Through the first couple weeks, Mauer has crushed the ball to the tune of a 173 wRC+, and has already surpassed his 2015 fWAR. He has raised his BB% to 12.8, the highest it’s been since 2012, cut his K% down to 8.5, lowest since 2008, and upped his isolated power to .154, its highest mark since his M.V.P. campaign in 2009. While Mauer most certainly cannot maintain his current .371 BABIP, underlying signals suggest that he may have broken out of his two-year slump and regained his All-Star form.
One indicator: his resurgence in batted-ball prowess. So far this season, Mauer’s Hard% is up greater than 10 points over the past couple seasons and has risen back to his previously dominant levels. Similarly, Mauer is pulling the ball more than ever, and is going to the opposite field less than ever before. Perhaps this is a sign of Mauer adjusting to an aging body – as his bat speed diminishes, he might swing earlier to try and get ahead of the ball. Another encouraging sign: his line-drive rate has risen to 33.3%, the highest he’s ever had it, while his fly-ball rate has diminished to 19.4% the lowest he’s ever been at. Considering how much his home park, Target Field, suppresses left-handed power, this seems a wise adjustment to make. On the downside, Mauer’s HR/FB rate and IFH% reside above his expected rates, providing obvious areas for his power and BABIP to regress. However, the overall batted-ball picture remains encouraging.
In addition to batted balls, Mauer is displaying an overall different approach at the plate. His O-Swing% is back to its previous low form while his Z-Swing% and overall Swing%, have sunk to their lowest levels in his career. After Baseball America rated him as having the best strike-zone discipline in the American League in 2012, his chase rates spiked tremendously in 2013 and had remained there since. Now Mauer seems to have regained that lauded discipline. Furthermore, his Zone% has actually dropped each of the past three seasons; this combination of less pitches in the zone and fewer chases out of it explains his rising walk rate. Additionally, Mauer has significantly raised both his O-Contact % and Z-Contact%. Overall, it appears Mauer has become more selective on which pitches he feels he can barrel up, hence the rising contact and line-drive rates.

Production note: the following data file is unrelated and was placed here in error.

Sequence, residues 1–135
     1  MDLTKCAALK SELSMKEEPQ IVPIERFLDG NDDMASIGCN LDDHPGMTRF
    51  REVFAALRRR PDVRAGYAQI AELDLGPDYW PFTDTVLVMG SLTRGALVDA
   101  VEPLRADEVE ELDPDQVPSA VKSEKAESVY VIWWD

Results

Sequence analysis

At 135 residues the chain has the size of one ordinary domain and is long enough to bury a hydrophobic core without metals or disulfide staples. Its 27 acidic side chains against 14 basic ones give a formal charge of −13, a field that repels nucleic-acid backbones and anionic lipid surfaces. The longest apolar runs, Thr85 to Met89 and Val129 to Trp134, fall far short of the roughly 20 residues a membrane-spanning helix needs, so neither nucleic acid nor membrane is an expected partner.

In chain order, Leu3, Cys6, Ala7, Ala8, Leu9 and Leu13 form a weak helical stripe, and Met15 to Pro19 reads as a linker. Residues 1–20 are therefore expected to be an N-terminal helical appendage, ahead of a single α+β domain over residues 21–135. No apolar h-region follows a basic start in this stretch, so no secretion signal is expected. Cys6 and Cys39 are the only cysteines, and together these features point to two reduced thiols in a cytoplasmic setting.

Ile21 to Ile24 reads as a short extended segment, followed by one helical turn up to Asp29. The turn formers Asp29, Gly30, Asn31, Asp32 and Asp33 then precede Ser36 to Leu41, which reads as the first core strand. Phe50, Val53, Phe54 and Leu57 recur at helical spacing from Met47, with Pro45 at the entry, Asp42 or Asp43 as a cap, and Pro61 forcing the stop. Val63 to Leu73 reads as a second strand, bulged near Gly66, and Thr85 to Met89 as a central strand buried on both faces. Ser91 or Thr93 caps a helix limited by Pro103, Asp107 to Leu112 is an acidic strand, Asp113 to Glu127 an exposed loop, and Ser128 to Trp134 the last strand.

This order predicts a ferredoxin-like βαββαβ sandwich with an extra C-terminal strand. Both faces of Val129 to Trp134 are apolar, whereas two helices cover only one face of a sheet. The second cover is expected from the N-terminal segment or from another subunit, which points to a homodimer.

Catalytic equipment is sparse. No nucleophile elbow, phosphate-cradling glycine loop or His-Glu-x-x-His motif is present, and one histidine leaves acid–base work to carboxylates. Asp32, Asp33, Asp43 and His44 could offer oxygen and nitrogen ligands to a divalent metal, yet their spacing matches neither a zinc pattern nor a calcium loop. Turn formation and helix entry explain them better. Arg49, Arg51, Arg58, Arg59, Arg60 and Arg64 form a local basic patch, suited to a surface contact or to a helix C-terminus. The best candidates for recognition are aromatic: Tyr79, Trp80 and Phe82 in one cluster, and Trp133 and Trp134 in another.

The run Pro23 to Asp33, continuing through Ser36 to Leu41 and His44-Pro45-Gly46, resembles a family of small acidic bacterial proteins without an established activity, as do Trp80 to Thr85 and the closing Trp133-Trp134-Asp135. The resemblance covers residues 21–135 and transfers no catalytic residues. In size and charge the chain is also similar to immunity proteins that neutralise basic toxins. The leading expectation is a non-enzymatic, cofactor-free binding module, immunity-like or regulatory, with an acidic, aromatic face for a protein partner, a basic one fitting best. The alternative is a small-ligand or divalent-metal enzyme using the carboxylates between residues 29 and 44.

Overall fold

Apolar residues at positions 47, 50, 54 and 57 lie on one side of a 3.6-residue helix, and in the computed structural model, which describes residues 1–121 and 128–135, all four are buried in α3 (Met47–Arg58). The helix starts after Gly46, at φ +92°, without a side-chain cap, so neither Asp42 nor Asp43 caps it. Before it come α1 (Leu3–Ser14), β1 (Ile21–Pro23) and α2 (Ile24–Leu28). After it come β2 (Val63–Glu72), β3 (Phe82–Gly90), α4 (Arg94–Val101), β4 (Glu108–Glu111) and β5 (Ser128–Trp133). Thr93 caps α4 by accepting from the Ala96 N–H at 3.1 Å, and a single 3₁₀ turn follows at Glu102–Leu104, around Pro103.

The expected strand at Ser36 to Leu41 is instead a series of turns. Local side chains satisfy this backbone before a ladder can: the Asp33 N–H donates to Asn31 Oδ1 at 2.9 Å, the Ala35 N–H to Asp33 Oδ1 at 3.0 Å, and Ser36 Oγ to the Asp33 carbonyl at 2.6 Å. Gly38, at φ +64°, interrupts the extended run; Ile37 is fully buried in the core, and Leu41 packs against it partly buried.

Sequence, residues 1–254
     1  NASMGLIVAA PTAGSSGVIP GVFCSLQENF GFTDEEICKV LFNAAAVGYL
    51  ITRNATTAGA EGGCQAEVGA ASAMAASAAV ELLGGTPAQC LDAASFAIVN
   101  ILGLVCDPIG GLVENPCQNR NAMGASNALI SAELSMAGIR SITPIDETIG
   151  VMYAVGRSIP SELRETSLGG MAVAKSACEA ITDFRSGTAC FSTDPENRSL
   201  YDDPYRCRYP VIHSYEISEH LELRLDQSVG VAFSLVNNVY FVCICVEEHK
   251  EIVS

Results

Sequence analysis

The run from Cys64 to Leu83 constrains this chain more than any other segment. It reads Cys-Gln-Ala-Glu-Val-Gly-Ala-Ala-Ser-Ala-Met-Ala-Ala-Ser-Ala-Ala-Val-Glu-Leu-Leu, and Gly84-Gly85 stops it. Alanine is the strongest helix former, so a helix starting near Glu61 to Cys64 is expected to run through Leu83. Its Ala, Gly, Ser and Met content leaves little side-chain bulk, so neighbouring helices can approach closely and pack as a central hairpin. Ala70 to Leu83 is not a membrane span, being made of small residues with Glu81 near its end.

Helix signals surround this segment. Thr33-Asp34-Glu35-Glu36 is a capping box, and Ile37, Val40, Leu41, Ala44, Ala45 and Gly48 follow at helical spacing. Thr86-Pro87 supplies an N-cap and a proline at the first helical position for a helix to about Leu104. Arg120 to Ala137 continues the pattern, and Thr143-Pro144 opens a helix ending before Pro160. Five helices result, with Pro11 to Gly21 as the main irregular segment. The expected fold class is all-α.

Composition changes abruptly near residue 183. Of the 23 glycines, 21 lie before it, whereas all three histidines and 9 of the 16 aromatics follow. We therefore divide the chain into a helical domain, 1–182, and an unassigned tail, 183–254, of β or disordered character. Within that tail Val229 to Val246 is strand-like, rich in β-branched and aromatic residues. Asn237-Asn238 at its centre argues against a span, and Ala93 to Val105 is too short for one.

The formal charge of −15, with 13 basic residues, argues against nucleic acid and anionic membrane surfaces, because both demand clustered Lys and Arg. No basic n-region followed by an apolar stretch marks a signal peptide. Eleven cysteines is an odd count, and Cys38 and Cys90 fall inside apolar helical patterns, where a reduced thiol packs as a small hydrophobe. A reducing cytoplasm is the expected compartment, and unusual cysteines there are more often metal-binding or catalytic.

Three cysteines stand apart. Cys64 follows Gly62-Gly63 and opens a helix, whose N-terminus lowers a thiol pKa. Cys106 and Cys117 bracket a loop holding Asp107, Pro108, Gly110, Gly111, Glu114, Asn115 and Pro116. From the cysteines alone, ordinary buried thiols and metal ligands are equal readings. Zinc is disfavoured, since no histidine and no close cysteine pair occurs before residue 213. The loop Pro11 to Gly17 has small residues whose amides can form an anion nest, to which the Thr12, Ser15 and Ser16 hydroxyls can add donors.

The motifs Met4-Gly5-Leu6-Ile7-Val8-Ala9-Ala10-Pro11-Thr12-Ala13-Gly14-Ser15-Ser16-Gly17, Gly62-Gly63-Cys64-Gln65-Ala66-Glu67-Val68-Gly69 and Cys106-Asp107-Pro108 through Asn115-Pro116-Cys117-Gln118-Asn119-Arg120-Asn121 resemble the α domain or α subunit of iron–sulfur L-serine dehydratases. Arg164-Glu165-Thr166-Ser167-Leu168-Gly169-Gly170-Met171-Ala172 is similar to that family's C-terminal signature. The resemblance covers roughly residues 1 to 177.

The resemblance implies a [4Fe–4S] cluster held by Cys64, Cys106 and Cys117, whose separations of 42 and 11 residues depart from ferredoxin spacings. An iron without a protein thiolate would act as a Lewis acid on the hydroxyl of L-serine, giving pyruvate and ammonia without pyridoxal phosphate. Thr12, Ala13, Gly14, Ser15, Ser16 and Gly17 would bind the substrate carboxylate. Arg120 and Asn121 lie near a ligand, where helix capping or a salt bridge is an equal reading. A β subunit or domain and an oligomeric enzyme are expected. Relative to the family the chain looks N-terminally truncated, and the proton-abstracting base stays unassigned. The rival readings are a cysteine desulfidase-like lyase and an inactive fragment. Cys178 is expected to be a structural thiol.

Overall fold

Now if Mauer truly has made critical adjustments to improve his game, then we should expect to see pitchers alter their approach as well. Baseball is nothing if not a game of adjustments. According to Brooks Baseball, Mauer’s current relative mix of hard, breaking, and off-speed pitches seen remains the same as ever, suggesting that no major adjustments have been made yet. However, if his bat truly is slowing down and these are his adjustments, we should expect to see pitchers start attacking him with fastballs up and in. Currently, Mauer sees roughly 1/3 of his pitches off the plate low and away. Realizing that he won’t chase those anymore, pitchers will presumably begin attacking him in the zone more often. Whether Mauer can turn on these pitches and continue lining the ball the right will determine whether or not these results stick.
In the big picture, small-sample variance likely explains most of Mauer’s current success. However, Mauer does appear to at least be attempting to adjust his approach, hence we should not entirely disregard these results. Up to this point, Mauer has shown significantly more selectivity in which pitches he swings at, particularly in the zone, letting him barrel up the ones he feels he can hit with conviction. As pitchers adjust to his adjustments, we will see whether Mauer has truly made a triumphant return. The Twins desperately hope Mauer can maintain a modicum of these results, as he will earn $23M a year through 2018. Unlikely to go out and make a major free-agent splash, Minnesota needs Mauer to provide value commensurate to his contract if they plan to capitalize on their youth movement. Once (if) Sano, Buxton, Berrios and company develop, the Twins could have a devastating roster led by Mauer. Until then, in a season marred by underperformance and disappointment, the return of Minnesota’s favorite son could provide a potential beacon of hope.
Oftentimes, preconceived notions inhibit our understanding of the game of baseball. From archaic methods of player evaluation to cultural expectations of players of varying ethnicity, each observer’s individual paradigm dramatically alters his or her view of the game. Case in point, what common ground could Salvador Perez and Kevin Pillar possibly share beyond their profession? Perez, who recently inked a new contract extension with the Kansas City Royals, stands at a booming 6’3’’ and 240 lbs. Pillar measures in at a more svelte – for professional athletes, at least – 6’0’’ and 205 lbs. Perez signed with the Royals in 2006, at the age of 16, as an international free agent out of tumultuous Venezuela before Pillar had even graduated from Chaminade College Prep, a private Catholic school in San Fernando Valley. Pillar finally signed his first professional contract after being drafted by the Toronto Blue Jays in the 32nd round of the 2011 amateur draft, less than a month before Perez debuted in the Majors despite being two years Pillar’s younger. Examined from a cultural and personality standpoint, Perez and Pillar seem polar inverses of one another.